Two companies dominate commercial aviation and only one of them is taking serious steps towards bringing a zero-emission aircraft to market.
As Boeing struggles to recover from the crashes that killed 346 people and grounded its 737 Max aircraft, Airbus is pushing ahead with its plans to reengineer aviation for a hydrogen-fuelled future.
In September 2020, Airbus revealed three ZEROe concept aircraft, all powered by hydrogen, which it stated at the time holds “exceptional promise” as a clean aviation fuel. The planes look pretty weird compared with what we’re used to travelling on today as they are designed to accommodate fuel tanks that can hold hydrogen that has been chilled to minus 253 degrees centigrade to keep it liquid.
The “blended-wing body” design looks like a flying V, while the turbofan and turboprop designs have longer bodies to store the hydrogen fuel in the rear and have longer wings. All the aircraft are hybrid-hydrogen, powered by a combination of hydrogen combustion engines and electricity from hydrogen fuel cells.
“Hydrogen has an energy density three times that of kerosene – [technically it] is made for aviation,” Airbus CEO Guillaume Faury told reporters last year.
As suggested by the extreme temperatures needed to store hydrogen fuel, the technical challenges to getting a commercial hydrogen aircraft into service are considerable and Airbus has set itself a target of 2035.
However, it expects to achieve “mature technology readiness” for a hydrogen-combustion propulsion system by 2025.
To reach that goal, this year Airbus launched its ZEROe demonstrator, through which it will test hydrogen combustion technology on an A380 test plane. In February this year, it announced that the hydrogen combustion engine to be used in these test aircraft is being developed by CFM International, a joint venture between GE and Safran.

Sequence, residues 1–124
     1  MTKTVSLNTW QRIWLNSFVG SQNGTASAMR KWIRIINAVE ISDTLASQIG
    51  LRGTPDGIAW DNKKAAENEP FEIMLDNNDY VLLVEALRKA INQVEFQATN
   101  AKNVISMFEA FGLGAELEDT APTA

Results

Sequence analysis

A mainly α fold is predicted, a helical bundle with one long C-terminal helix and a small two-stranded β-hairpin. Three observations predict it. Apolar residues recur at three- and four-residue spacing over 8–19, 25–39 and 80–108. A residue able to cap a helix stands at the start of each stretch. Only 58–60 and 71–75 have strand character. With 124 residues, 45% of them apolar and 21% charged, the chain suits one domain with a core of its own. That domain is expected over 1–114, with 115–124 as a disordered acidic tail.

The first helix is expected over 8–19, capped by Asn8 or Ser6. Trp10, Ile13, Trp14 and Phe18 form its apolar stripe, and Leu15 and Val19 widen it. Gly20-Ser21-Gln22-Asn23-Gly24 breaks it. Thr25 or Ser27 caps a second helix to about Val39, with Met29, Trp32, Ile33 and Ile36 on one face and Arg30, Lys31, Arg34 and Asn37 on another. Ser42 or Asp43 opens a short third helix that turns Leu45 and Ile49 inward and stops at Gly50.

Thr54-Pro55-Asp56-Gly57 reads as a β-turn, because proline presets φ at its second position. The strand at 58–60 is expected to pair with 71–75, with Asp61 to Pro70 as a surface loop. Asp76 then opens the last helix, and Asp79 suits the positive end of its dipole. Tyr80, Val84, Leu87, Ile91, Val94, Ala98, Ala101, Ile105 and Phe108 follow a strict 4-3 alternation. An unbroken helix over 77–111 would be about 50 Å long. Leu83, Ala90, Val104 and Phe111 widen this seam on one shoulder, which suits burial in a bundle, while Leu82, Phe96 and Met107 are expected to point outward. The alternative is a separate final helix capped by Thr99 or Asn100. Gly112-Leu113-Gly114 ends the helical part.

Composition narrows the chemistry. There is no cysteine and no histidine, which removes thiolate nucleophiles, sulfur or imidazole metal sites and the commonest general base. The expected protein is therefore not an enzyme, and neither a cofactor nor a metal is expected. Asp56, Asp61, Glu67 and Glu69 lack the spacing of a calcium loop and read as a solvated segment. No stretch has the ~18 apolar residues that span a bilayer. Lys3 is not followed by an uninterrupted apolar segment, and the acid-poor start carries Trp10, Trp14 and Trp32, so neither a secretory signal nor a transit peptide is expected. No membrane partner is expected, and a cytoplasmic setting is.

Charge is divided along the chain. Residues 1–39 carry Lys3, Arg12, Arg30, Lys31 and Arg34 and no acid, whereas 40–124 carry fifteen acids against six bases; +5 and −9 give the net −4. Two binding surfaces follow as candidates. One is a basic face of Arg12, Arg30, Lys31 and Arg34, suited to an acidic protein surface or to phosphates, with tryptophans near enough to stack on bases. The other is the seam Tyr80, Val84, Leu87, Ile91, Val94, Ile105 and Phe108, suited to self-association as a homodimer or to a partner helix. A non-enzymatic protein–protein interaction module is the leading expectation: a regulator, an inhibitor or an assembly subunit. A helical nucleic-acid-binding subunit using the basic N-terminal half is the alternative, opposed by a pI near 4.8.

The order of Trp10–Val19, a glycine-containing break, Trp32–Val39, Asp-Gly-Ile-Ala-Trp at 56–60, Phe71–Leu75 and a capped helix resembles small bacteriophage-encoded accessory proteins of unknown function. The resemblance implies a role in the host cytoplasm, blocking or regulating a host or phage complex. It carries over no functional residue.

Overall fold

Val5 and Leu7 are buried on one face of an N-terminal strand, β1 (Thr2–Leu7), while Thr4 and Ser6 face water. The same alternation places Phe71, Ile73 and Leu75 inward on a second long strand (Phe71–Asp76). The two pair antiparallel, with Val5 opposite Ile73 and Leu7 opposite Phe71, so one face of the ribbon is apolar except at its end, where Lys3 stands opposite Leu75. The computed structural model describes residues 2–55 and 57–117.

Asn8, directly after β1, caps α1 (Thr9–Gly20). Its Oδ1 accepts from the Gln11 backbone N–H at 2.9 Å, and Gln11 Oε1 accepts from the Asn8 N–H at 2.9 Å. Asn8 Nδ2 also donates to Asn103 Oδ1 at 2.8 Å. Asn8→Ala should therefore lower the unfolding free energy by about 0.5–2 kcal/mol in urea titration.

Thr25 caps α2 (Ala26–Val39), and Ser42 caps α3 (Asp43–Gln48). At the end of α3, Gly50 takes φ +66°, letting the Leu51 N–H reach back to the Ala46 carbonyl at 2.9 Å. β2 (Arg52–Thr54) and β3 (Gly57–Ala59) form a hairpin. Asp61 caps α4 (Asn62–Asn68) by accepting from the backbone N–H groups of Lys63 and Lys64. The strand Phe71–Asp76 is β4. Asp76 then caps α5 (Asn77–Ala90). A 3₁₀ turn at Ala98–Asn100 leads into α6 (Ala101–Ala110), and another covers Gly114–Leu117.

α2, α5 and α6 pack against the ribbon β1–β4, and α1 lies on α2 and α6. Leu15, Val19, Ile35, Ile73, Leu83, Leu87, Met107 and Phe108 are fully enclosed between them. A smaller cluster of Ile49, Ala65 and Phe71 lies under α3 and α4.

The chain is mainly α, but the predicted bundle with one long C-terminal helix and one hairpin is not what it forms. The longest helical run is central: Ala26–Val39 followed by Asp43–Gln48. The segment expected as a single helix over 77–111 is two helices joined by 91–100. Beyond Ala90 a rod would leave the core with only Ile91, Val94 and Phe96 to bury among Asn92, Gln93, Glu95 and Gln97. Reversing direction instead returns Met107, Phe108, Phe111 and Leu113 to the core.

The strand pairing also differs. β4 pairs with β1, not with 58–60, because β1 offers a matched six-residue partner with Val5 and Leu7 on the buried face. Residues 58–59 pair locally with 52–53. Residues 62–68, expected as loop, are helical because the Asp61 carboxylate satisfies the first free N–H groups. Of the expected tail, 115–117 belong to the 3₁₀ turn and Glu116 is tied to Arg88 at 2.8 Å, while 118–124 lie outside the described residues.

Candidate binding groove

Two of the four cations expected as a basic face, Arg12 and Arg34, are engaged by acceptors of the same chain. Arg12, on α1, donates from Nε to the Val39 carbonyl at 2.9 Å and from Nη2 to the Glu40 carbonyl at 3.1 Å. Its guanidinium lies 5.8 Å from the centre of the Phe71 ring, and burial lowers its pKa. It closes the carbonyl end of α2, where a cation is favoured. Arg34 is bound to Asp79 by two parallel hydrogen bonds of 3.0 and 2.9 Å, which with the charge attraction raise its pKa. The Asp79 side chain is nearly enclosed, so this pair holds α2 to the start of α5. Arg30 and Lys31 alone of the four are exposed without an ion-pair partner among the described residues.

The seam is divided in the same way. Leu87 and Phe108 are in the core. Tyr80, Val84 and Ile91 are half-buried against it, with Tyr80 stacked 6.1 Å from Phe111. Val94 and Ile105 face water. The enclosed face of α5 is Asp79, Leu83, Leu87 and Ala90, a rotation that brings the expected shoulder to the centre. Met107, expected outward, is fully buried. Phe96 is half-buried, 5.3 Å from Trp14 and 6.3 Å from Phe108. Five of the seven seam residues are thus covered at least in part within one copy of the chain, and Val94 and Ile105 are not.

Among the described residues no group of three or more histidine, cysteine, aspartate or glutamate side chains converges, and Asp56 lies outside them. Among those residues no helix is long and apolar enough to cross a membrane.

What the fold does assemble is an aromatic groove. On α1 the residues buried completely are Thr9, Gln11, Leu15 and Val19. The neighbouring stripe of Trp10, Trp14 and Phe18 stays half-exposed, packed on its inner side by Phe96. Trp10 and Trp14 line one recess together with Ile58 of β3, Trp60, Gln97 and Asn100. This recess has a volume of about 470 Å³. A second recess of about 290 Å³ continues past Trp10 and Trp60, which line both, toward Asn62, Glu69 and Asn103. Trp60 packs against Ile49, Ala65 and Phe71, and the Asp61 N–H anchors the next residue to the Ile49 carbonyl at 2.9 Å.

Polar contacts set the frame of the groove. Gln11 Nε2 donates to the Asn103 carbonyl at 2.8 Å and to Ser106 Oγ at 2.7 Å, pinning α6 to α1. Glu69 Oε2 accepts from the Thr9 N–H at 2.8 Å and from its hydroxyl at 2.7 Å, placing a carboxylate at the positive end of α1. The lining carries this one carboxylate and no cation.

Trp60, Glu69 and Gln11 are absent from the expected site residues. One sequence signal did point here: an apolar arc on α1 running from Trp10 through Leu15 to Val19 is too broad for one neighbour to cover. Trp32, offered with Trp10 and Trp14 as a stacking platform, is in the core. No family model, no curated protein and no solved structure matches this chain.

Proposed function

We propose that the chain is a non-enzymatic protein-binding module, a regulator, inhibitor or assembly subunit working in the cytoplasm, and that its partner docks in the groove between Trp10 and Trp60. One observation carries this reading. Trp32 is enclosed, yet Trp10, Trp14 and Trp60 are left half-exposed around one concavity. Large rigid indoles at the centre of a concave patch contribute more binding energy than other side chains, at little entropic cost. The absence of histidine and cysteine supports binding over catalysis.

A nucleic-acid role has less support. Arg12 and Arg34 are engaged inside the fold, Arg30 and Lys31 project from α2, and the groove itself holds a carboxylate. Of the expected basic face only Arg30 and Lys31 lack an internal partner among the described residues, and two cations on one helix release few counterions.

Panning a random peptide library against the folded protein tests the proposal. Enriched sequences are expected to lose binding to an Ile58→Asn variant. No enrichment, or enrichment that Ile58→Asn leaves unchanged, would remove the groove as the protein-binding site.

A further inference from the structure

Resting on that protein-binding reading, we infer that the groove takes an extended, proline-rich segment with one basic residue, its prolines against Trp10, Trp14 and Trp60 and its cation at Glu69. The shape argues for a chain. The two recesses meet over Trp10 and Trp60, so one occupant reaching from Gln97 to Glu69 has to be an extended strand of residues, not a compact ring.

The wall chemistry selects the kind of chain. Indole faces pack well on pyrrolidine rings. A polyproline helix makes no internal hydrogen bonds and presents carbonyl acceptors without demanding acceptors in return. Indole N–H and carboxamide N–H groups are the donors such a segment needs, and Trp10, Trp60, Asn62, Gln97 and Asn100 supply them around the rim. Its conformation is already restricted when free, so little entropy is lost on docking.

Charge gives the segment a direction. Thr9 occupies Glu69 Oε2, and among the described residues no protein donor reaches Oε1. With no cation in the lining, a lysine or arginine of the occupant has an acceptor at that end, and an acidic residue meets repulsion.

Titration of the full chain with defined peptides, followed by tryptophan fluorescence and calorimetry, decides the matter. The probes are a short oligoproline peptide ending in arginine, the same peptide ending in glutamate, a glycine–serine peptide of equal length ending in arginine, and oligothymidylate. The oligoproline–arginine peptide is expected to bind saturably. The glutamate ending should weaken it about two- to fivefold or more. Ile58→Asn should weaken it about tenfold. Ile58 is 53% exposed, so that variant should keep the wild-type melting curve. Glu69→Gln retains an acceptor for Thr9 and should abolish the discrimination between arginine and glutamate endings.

In March, Airbus revealed a partnership with U.S.-based Delta Air Lines to help it develop its hydrogen-powered passenger aircraft. Delta will help Airbus understand the requirements for the plane, including refuelling infrastructure at U.S. airports and passenger needs.
While Airbus is a pioneer in hydrogen aviation, it is not alone. FlyZero, the UK study into zero-carbon emission commercial air travel, concluded that green hydrogen is the optimum fuel for zero-carbon emission flight and could power a midsize aircraft with 280 passengers from London to San Francisco directly, or from London to Auckland with just one stop.
The economics look good too. In January, U.S. non-profit, the International Council on Clean Transportation, published a study that found green hydrogen would be a cheaper aviation fuel than e-kerosene for trips of up to 3,400 km.
Start-ups, such as ZeroAvia, are developing hydrogen-fueled aircraft. European airline easyJet has been a major proponent of hydrogen-powered flight and predicts it will be carrying passengers by the mid-2030s.
The future of aviation is hydrogen. Some flights will be arriving earlier than others.
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